And so the battle lines have been drawn. On the one hand you have Canada’s federal government, ever eager to please Big Oil, which has just agreed to let Enbridge build its highly controversial $8 billion Northern Gateway pipeline from the toxic tar sands of Alberta to the rugged coast of British Colombia.
Many visitors to the iconic British Museum in London got more than they bargained for on Sunday, when hundreds of protestors descended on the Museum to protest against BP’s sponsorship of a major exhibition on Vikings.
In contrast to claims made by Keystone XL proponents, tar sands crude is trickling into the Gulf Coast by rail.
As war rages in Iraq, and oil and gasoline prices rise, the impotence of the US oil boom is exposed.
It has all the ingredients for an international blockbuster novel: The stunning setting of Africa’s oldest National park, home to half of all the species on the African continent, including one if its most endangered and iconic animals, the Mountain Gorilla.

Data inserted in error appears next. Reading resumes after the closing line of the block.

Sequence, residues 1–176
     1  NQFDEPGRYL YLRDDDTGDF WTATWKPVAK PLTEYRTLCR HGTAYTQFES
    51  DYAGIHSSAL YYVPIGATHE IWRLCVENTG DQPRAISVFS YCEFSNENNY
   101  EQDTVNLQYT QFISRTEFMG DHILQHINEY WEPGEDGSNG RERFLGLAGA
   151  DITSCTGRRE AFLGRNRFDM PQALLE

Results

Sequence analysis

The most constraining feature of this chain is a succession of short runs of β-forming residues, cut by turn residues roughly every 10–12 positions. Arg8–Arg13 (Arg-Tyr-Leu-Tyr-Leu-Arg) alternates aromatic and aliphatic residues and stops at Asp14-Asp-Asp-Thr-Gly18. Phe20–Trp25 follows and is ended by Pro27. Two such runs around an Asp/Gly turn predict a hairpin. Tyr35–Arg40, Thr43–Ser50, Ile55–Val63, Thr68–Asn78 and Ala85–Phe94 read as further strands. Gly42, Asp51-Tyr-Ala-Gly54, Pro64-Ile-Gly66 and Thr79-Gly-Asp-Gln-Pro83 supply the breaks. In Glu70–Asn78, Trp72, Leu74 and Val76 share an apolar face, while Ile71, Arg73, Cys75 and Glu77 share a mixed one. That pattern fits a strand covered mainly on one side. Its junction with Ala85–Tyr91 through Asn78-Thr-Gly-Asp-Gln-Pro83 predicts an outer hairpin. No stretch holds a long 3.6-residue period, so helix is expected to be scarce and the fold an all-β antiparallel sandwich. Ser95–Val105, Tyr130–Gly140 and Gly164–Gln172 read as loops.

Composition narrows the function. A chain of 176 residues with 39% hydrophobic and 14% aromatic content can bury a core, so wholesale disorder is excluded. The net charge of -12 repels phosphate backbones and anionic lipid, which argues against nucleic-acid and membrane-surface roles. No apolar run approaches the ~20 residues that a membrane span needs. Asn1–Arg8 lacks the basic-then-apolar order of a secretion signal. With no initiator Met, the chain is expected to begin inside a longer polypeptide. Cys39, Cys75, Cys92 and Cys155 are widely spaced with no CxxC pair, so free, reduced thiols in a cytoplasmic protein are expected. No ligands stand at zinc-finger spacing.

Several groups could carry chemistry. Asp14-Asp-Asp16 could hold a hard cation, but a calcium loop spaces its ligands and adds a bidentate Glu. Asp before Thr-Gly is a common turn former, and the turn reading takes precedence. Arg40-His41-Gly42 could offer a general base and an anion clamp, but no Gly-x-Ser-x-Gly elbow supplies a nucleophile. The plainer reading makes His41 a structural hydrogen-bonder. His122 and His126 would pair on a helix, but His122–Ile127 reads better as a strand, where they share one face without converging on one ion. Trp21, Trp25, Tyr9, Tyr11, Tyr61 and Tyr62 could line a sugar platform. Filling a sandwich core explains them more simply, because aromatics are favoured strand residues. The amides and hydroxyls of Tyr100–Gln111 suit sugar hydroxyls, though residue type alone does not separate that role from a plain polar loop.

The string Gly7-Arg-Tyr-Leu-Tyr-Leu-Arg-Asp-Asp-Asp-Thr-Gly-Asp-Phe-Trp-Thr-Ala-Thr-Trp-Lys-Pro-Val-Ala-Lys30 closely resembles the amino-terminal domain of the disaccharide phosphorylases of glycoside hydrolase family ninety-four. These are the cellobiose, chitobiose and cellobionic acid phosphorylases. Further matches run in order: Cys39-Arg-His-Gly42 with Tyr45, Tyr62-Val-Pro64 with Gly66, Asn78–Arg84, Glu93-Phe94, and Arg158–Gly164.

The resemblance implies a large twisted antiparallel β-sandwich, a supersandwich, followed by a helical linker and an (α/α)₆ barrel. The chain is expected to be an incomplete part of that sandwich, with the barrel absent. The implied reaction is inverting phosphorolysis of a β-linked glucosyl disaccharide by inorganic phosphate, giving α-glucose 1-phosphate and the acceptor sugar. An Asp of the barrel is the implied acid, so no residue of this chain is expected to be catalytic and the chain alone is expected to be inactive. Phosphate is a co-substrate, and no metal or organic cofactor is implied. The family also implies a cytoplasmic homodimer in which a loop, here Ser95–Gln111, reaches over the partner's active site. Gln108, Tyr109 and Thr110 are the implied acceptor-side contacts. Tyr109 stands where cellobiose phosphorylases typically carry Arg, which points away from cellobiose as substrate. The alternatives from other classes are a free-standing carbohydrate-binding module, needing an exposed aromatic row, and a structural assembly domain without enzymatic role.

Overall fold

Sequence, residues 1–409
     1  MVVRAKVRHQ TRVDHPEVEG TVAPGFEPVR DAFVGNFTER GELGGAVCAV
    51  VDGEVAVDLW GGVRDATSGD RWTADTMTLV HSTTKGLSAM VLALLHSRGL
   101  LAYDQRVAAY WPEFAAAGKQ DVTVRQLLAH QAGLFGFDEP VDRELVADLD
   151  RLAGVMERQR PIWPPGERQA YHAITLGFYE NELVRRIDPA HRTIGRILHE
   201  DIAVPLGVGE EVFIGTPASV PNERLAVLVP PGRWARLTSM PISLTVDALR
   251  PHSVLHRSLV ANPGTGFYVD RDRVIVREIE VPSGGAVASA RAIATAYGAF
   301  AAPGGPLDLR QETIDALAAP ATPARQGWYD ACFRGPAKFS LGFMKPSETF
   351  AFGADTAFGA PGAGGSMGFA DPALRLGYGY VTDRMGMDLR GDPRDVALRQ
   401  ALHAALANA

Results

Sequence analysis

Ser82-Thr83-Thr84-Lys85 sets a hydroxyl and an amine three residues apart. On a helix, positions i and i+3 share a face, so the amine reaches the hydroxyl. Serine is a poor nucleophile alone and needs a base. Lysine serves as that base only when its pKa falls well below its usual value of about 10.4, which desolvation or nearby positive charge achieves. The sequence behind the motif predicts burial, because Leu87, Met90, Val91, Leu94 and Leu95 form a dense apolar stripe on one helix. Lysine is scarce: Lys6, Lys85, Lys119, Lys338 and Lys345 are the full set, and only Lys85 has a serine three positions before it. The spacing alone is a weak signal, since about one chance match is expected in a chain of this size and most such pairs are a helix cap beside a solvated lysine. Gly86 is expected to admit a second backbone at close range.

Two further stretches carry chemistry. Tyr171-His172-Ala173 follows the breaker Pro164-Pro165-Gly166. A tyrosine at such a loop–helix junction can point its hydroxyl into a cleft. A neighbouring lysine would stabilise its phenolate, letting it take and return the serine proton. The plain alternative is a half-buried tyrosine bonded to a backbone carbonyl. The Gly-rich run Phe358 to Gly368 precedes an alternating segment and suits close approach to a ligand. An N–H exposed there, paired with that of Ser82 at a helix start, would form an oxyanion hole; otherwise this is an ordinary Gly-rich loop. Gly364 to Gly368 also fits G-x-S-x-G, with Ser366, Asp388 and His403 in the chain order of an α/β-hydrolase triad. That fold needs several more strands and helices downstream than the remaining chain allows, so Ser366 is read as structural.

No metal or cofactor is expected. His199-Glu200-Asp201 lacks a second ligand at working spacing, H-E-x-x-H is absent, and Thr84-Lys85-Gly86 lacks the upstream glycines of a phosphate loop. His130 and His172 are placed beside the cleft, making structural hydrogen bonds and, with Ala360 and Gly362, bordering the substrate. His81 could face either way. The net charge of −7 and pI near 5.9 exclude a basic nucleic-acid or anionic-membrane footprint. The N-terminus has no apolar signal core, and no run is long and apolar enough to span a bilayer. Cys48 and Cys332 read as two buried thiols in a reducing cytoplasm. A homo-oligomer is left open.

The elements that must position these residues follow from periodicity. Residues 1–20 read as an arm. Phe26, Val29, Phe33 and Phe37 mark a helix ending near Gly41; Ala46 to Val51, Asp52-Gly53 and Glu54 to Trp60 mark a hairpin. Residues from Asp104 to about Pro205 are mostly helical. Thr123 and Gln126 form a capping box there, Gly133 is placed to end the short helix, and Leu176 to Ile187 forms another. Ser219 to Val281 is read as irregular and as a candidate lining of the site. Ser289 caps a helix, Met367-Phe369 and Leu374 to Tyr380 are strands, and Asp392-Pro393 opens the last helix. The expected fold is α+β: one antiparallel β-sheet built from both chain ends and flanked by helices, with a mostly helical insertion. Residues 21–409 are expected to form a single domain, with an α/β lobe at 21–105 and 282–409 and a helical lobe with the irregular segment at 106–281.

The clock is ticking. Within the next ten days, the Canadian federal government is expected to announce its final decision on the controversial Northern Gateway pipeline, which will transport toxic tar sands from Alberta via British Colombia to the Pacific Coast.
For anyone concerned about the rising spate of crude by rail accidents across North America, the derailment and explosion last July of a crude by rail train in downtown Lac Megantic, Quebec, which killed 47 local residents, has become something of a cause célèbre.
After one of the most aggressive and disingenuous lobbying campaigns in recent years, Canada has won “big concessions” in its fight against the landmark European climate legislation, called the Fuel Quality Directive (FQD)
Roger Helmer who is standing to become the first ever MP for the United Kingdom Independence Party is a long-standing climate denier with deep ties to leading climate sceptic organisations in the US, such as ALEC, the Competitive Enterprise Institute and Heartland Institute.
Over the last couple of years the Canadians have become accustomed to growing international criticism of their reckless and belligerent exploitation of the tar sands. They have aggressively just carried on drilling, nonetheless.